When you import a QuickTime movie or an image file into your project, its alpha channel is immediately recognized by Motion. The alpha channel is then used to composite that object against any other objects that are behind it.

There are two different ways of embedding alpha channel information into files, and Motion attempts to automatically determine which type of alpha channel a particular object uses:

  • Straight: Straight alpha channels are kept completely separate from the red, green, and blue channels of an image. Media files using straight alpha channels appear perfectly fine when used in a composition, but they may look odd when viewed in another application. Translucent effects such as volumetric lighting, or lens flares in a computer generated image may appear distorted until the clip is used in a composition.
  • Premultiplied: This type of alpha channel is multiplied with the clip’s red, green, and blue channels. As a result, objects with premultiplied alpha channels always look correct, even with translucent lighting effects, because the entire image is precomposited against a solid color. Most commonly, premultiplied alpha channels are multiplied against black or white, but Motion can also resolve alpha channels that have been premultiplied against other colors.

The only time it really matters which kind of alpha channel an object has is when Motion doesn’t correctly determine it. If an object’s alpha channel has been set to Straight in the Media tab when it’s really premultiplied, it may appear fringed with the premultiplied color around its edges. If this happens, you can select the problematic clip in the Media tab of the Project pane, then change its Alpha Type parameter in the Media tab of the Inspector.

Audio Files

You can import different audio file formats into your project, including but not limited to WAV, AIFF, .cdda, MP3, and AAC. Although Motion is not necessarily intended to be a full-featured audio editing and mixing environment such as GarageBand, Soundtrack Pro, or Logic Pro, you can import music clips, dialogue, and sound effects to use in your projects. If you import a QuickTime file with mono or stereo tracks of audio, the video appears in the Timeline, while the audio appears in the Audio Editor.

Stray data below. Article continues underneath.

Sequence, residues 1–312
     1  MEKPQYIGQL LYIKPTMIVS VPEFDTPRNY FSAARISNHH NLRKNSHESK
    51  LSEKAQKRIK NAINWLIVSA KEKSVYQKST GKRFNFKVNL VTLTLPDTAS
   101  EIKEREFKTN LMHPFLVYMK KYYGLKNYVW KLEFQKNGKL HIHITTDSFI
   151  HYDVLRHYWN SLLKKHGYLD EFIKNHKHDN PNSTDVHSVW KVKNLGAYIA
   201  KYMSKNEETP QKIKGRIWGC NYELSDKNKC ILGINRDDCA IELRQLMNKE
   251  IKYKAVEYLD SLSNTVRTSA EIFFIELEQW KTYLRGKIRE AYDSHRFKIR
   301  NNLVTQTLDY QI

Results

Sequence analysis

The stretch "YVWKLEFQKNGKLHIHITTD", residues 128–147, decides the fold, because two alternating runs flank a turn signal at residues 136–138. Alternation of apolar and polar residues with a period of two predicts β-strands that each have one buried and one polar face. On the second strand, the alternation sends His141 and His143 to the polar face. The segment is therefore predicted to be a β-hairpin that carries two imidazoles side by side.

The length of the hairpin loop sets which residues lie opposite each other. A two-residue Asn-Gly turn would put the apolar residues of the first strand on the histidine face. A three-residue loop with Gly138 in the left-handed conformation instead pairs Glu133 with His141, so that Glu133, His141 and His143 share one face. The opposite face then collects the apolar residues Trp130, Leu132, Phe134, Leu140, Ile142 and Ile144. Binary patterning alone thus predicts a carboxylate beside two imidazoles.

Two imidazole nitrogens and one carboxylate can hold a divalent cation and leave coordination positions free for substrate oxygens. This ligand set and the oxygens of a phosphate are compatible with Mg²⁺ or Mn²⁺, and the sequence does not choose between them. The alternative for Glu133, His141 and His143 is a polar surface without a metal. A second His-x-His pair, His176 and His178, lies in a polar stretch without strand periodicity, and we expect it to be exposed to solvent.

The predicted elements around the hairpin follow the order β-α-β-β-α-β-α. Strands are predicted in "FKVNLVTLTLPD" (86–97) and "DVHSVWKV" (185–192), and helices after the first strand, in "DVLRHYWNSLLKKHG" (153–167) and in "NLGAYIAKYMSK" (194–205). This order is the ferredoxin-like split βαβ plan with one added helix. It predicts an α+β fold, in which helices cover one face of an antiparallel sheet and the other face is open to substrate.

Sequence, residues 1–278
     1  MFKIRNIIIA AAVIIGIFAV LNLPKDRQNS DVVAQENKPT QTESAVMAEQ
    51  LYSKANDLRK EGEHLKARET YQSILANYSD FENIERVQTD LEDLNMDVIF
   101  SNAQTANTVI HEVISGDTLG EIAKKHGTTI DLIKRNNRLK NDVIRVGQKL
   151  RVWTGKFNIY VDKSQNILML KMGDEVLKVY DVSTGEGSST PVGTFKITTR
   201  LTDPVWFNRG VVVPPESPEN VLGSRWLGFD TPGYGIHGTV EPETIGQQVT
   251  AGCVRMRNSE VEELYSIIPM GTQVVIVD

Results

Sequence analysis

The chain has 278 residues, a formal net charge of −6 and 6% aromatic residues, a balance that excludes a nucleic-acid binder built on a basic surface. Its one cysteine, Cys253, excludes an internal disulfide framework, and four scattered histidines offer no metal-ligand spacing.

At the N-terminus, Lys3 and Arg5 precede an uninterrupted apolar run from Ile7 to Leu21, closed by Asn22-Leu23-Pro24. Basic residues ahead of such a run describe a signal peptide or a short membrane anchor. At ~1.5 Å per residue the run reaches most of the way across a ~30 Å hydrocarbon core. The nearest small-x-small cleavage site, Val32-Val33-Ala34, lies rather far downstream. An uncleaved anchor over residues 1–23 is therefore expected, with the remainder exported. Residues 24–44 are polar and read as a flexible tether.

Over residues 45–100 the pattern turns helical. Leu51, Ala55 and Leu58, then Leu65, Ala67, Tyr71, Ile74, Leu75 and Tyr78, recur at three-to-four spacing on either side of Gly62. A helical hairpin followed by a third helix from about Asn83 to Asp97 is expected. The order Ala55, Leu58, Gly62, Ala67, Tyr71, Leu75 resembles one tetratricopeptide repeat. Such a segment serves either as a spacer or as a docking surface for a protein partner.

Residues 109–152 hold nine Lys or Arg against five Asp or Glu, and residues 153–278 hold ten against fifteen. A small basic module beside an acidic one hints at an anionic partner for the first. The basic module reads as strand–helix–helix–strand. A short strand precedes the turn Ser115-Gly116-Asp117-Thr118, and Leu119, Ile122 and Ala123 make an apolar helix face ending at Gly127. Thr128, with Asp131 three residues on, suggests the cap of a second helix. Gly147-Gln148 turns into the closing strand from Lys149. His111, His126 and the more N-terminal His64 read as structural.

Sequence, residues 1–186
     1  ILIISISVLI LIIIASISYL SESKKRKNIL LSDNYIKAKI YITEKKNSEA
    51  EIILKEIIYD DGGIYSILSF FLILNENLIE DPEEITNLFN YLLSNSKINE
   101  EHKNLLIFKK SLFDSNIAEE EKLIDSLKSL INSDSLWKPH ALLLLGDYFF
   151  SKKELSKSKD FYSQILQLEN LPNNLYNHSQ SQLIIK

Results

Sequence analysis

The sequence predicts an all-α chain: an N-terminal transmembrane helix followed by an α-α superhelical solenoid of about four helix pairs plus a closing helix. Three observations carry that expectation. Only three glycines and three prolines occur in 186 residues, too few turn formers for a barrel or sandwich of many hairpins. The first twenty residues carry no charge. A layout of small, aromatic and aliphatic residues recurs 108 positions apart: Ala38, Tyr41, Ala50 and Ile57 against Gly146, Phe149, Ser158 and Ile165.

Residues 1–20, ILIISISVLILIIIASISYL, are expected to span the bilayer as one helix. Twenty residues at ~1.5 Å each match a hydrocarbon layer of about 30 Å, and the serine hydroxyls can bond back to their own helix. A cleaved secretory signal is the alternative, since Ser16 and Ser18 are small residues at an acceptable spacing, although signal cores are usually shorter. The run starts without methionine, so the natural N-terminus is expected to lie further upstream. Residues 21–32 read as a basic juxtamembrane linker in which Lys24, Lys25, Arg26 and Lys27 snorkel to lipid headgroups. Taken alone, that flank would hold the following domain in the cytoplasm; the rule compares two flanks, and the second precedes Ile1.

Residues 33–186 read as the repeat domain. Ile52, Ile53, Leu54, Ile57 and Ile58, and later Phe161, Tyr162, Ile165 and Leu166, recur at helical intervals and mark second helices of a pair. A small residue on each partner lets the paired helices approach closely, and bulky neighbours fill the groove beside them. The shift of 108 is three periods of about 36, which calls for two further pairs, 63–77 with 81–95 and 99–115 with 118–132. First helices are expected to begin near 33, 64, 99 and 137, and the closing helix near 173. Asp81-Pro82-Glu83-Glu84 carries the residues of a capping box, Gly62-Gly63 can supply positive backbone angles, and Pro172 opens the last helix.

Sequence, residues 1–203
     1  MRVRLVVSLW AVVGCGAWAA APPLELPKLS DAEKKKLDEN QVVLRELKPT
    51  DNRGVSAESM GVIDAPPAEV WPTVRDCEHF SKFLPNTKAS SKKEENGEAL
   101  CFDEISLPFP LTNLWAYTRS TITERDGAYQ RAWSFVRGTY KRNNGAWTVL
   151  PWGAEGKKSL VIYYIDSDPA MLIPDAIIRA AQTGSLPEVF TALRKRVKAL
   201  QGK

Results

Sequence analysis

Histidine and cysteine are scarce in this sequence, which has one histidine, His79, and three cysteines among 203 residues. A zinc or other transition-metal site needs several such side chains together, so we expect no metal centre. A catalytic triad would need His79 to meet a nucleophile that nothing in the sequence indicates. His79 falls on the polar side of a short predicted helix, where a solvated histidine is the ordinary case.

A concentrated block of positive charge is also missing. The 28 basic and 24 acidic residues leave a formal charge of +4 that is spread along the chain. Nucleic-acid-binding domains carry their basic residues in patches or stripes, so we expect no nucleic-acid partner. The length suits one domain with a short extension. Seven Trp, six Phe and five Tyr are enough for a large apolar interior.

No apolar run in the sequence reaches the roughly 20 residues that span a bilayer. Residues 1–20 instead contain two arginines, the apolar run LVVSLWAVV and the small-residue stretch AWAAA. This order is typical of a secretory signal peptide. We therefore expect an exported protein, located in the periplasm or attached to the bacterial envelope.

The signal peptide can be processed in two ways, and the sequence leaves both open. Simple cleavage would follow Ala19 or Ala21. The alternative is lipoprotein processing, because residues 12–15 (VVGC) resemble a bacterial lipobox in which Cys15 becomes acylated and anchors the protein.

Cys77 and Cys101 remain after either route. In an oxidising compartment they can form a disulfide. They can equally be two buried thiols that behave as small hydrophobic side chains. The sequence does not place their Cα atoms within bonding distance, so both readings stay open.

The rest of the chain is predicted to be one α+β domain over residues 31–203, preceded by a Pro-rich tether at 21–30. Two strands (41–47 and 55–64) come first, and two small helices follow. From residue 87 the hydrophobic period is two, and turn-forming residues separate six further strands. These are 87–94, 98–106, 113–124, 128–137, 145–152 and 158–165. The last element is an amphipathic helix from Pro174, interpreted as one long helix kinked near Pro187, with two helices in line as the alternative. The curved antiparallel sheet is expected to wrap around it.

From within Motion, you can select an audio file and open Soundtrack Pro to modify the audio file. Once saved in Soundtrack Pro, the file is automatically updated in Motion. For more information, see Using Soundtrack Pro with Motion.

You can freely import audio clips with different sample rates and bit depths. When you do, Motion resamples any audio tracks that need it to the sample rate and bit depth currently in use by your computer. The default is 16-bit, 44.1 kHz float for the built-in audio interface. If you use a third-party audio interface, audio is remixed to the sample rate and bit depth used by that device.

You can import audio files with sample rates up to 192 kHz, and with bit depths up to 32 bits. Mono and stereo files are supported. Multi-channel audio files are also supported.

Motion supports as many layers of audio as you want to use in the Audio Editor, although mixing many audio tracks together may affect playback performance. In the Audio Editor, you use the same tools and commands to edit audio objects as you use in the Timeline layers list. Each audio layer also has individual settings for level and pan, so that you can mix a group of tracks together for stereo output.

For more information about file formats supported by Motion, see Audio Formats. For more information on using audio in Motion, see Working with Audio.

A seamless way to browse for and import music from your iTunes library is to use the Music category in the Motion Library. For more information, see Adding iTunes and iPhoto Files from the Library.

Note: You cannot import rights-managed AAC files, such as non-iTunes Plus tracks purchased from the iTunes Store.